Yale Students Have Lost Their Collective Marbles

If you haven’t yet heard about the madness taking place at Yale, by all means read this article by Conor Friedersdorf published on The Atlantic: The New Intolerance of Student Activism

Here’s the summary: Nicholas and Erika Christakis live at Yale, where they preside over one of its undergraduate colleges. Nicholas’ wife Erika, who is a lecturer in early childhood education, sent an email responding to concerns from students that administration was “offering heavy-handed advice on what Halloween costumes to avoid.” In the email, Erika suggested, among other things, that perhaps it was okay to be a bit “provocative” with Halloween costumes, observing that “American universities were once a safe space not only for maturation but also for a certain regressive, or even transgressive, experience; increasingly, it seems, they have become places of censure and prohibition.” She added, quoting Nicholas, “if you don’t like a costume someone is wearing, look away, or tell them you are offended. Talk to each other. Free speech and the ability to tolerate offence are hallmarks of a free and open society.”   (The full text of the email is here.)

Sounds reasonable, doesn’t it? Turns out, it isn’t.  At least, not according to a contingent of hundreds of supposedly free-thinking Yalies.  Indeed, the response among these future leaders at Yale has been to collectively hyperventilate and call for the Christakis’ resignation. One Yale student declared, “I have friends who are not going to class, who are not doing their homework, who are losing sleep, who are skipping meals, and who are having breakdowns.”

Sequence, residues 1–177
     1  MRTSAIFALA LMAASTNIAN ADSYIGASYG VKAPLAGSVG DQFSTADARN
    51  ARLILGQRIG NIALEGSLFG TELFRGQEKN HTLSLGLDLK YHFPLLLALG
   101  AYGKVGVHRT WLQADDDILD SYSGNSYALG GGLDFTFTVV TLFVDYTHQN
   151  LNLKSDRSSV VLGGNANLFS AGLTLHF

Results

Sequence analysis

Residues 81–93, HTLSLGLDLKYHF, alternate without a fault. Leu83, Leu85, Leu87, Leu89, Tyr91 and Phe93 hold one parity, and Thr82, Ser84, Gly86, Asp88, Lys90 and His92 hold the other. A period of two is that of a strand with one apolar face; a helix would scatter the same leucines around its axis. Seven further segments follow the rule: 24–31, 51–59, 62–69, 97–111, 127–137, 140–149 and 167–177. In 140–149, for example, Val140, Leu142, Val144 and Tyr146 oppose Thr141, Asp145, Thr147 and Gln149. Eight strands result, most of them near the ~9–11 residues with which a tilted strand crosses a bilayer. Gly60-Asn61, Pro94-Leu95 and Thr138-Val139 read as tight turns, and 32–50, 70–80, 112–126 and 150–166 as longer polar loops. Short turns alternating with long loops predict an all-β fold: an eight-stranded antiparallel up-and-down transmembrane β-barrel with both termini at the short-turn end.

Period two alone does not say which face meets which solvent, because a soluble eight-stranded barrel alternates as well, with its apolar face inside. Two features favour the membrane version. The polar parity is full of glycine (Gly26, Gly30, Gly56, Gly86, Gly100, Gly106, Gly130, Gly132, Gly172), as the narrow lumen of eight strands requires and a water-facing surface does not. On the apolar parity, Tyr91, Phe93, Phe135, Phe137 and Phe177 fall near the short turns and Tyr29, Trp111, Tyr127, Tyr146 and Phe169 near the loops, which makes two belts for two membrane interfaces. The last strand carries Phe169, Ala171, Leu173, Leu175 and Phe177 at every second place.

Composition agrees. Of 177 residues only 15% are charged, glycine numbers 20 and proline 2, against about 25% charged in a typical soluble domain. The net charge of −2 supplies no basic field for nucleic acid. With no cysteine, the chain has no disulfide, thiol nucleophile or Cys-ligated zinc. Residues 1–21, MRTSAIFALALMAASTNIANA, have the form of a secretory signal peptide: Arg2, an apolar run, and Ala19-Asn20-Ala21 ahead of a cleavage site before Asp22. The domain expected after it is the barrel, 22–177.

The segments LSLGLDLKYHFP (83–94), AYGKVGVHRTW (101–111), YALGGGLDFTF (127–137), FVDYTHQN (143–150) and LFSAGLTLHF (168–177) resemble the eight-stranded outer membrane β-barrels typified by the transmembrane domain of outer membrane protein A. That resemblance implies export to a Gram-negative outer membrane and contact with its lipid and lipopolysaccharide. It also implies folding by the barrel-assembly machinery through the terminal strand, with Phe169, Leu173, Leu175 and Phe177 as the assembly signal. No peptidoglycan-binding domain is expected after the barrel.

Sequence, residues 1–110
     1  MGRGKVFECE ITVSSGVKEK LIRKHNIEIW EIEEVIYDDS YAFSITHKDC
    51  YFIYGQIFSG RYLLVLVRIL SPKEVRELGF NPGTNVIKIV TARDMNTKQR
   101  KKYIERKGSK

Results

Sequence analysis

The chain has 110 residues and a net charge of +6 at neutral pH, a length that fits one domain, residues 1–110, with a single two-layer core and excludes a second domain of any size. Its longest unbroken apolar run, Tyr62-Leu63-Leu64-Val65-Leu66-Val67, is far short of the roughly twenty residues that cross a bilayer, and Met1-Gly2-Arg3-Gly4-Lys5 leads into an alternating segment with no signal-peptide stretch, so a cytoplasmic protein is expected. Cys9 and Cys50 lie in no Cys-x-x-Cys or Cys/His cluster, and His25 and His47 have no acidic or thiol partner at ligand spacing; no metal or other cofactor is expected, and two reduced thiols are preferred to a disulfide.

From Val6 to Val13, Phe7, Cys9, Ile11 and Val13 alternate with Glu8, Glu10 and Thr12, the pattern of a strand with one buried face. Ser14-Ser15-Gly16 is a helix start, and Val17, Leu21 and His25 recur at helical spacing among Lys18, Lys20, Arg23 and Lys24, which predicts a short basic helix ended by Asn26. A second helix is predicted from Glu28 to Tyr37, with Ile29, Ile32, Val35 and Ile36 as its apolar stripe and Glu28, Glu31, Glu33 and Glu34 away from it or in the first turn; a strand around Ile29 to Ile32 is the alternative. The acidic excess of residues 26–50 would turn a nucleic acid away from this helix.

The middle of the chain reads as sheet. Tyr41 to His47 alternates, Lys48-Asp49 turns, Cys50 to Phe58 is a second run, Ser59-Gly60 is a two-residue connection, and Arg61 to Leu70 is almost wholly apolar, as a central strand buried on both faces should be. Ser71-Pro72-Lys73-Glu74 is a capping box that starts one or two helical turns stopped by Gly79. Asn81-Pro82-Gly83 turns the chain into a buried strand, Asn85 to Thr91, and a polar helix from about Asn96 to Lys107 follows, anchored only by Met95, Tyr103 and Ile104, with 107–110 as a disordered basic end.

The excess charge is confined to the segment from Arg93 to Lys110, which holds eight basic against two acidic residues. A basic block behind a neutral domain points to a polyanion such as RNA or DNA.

At one point, as I read this article, I felt compelled to check my address bar to ensure I wasn’t on The Onion.  You can’t make this stuff up – and who would want to – it’s too tragic to be funny.

It’s difficult for me to wrap my mind around the notion that an email could wreak such havoc.  I’ve received a lot of emails in my life.  In the good folks at Google’s Gmail are to be believed, I have approximately 35,000 as I type this (and that doesn’t count the thousands I’ve deleted).  In those tens of thousands of emails, I’ve received some zingers.  But not one has caused me to have a breakdown, skip class (or work), or otherwise become incapacitated.  Yet these Yalies are apparently undone by the thoughtful encouragement to demonstrate a “capacity ­ to exercise self­censure, through social norming,” as well as a “capacity to ignore or reject things that trouble you?”  At this point, it’s pretty clear that Erika’s exhortation to adulthood fell flat.

I reviewed Yale’s website, looking for a historical explanation to the present hysteria, and I learned that in “1779 . . . past-president Naphtali Daggett led more than half of the student body to take on British troops when they attacked New Haven.” If the current catastrophizing is in any way indicative of the fortitude of today’s Yalies, then I doubt Yale’s current president could convince half the student body to attack a British boy-band, out of fear the group would break into some harmonious, choreographed number with lyrics that offended their delicate sensibilities.

Yale pledges to offer students a “diversity of perspective” and “diversity of thought.”  At least for some Yalies, the offer is one they’d rather refuse.

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